Ten and jack are bowlers pure and simple. These are the superb legbreak-and-googly bowler Subhas Gupte, and the speedster Mohammed Nissar, who probably bowled faster than any other Indian and was known for an especially deadly yorker.
This eleven, like the more contemporary team which we chose before it, would also be open to (some) criticism. The all-rounders Salim Durrani and Dattu Phadkar would have their supporters, as also the batsman Vijay Hazare. Mumbaikars might argue for the inclusion of N. S. Tamhane, perhaps the finest wicket-keeper India has produced, and whose case here is made stronger by the fact that he knew the wares of Gupte and Mankad especially well.
If the eleven outlined at the beginning of this column was a Dream Team, in so far as they actually never played together in real time, this one might be considered a Fantasy Eleven, since none of its members in fact played formal or official one-day cricket. Who would captain this side? The eleven picked by Rajdeep Sardesai and myself had six former captains. We eliminated Tendulkar and Azhar on the grounds that they were poor tacticians, and the other three because they had the burdens of being the side’s wicket-keeper (Dhoni), leading pace bowler (Kapil), and main spinner (Kumble) respectively. So we picked Ganguly as captain, a choice which, we thought, would please the cricket-loving people of Bengal while embarrassing the cricket-illiterate promoters of the Kolkata Knight Riders.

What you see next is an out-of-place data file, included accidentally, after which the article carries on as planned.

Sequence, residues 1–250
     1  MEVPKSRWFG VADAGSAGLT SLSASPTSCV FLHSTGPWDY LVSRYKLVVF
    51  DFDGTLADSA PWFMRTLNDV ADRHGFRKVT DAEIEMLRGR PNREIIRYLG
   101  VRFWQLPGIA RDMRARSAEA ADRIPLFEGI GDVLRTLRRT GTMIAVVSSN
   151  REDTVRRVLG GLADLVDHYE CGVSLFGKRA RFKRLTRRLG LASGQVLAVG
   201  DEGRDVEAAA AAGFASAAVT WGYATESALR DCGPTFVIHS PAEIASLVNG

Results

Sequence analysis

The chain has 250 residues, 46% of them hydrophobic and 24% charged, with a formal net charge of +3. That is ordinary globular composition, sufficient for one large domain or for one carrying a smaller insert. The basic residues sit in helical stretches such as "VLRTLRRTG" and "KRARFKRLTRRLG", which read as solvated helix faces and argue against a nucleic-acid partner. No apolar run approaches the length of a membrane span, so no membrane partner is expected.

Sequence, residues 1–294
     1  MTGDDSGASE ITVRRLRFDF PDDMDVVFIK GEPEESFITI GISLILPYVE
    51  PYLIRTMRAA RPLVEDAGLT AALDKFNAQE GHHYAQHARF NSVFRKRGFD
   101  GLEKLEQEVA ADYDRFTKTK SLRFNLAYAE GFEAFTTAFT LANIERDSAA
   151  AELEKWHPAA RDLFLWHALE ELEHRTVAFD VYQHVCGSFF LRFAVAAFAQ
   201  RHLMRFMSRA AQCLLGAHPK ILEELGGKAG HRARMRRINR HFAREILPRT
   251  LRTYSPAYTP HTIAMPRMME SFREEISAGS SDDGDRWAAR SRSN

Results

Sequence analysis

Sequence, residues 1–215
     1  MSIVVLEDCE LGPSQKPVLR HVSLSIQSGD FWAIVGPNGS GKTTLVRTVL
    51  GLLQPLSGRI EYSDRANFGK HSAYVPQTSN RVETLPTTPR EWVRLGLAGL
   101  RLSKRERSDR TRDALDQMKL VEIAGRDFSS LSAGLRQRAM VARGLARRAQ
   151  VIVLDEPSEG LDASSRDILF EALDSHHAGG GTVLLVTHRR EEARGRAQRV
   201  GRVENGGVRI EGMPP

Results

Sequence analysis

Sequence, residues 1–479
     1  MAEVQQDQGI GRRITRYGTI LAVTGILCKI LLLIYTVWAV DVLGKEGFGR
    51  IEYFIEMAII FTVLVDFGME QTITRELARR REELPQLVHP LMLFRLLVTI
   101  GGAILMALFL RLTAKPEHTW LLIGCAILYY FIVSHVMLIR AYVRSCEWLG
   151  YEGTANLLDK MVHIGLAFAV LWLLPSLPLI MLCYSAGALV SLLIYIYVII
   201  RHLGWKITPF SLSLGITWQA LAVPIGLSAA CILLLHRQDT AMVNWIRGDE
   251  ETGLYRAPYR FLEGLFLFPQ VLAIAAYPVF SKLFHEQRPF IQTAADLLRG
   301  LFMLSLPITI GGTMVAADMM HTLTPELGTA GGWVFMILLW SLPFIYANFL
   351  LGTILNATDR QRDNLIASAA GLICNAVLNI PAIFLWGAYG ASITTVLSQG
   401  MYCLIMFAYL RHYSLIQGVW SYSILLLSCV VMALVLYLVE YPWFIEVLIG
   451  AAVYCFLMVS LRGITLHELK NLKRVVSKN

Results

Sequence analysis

The choice here is easier to make. Mankad, Umrigar, Amarnath, and Pataudi, former India captains all, would voluntarily waive their claims in favour of C. K. Nayudu, India’s first captain, who shall lead this team with character and with authority.
We now have two elevens, and hence, a match. Here is how they line up:


1. Saurav Ganguly 1. S. Mushtaq Ali
2. Sachin Tendulkar 2. Budhi Kunderan
3. Virendra Sehwag 3. M. A. K. Pataudi
4. Mohammed Azharuddin 4. Polly Umrigar
5. Yuvraj Singh 5. C. K. Nayudu
6. Mahendra Singh Dhoni 6. Vinoo Mankad
7. Kapil Dev 7. Lala Amarnath
8. Harbhajan Singh 8. R. G. Nadkarni
9. Anil Kumble 9. L. Amar Singh
10. Javagal Srinath 10. Subhas Gupte
11. Zaheer Khan 11. Mohammed Nissar

Were I a betting man, I would place my money on the latter eleven, speaking not as a historian prone to nostalgia but as a hard-headed student of cricket. The fielding is much better—contrast the lumbering legs of Dada, Sachin, Viru, Bhajji, Jumbo, Sri and Zak with the lithe athleticism of Mushtaq, Polly, C. K., Tiger, Amar Singh and company. The bowling is also immeasurably superior—if the new ball pairs are evenly matched, give me Gupte, Mankad and Nadkarni over Kumble and Harbhajan any day. Our oldies also have the edge in change or relief bowlers, for Nayudu, Polly and Mushtaq were real, wicket-taking bowlers, not hopeful trundlers of the Yuvraj or Saurav kind.
As for the batting, the first three of the moderns are clearly superior, but the middle order of the oldies seems more solid and convincing. At any rate, if Nissar yorks Ganguly (as well he might) and Gupte does Sehwag in the flight (as he so easily could) the moderns would be on the back foot in the first power play itself. Sachin would bravely carry on, but, frustrated by the superb fielding of Tiger and co., and the tardy progress of his partners, hole out in the middle orders to Mankad or Nadkarni. The tail might crawl their way to 200, a target comfortably within reach of a side where Umrigar bats at four, Mankad at six, and Amar Singh at nine.

(published in The Telegraph, 25/2/2011)
by Ramachandra Guha

By |2011-11-30T11:35:59+05:30February 24th, 2011|Categories: Culture|Tags: , |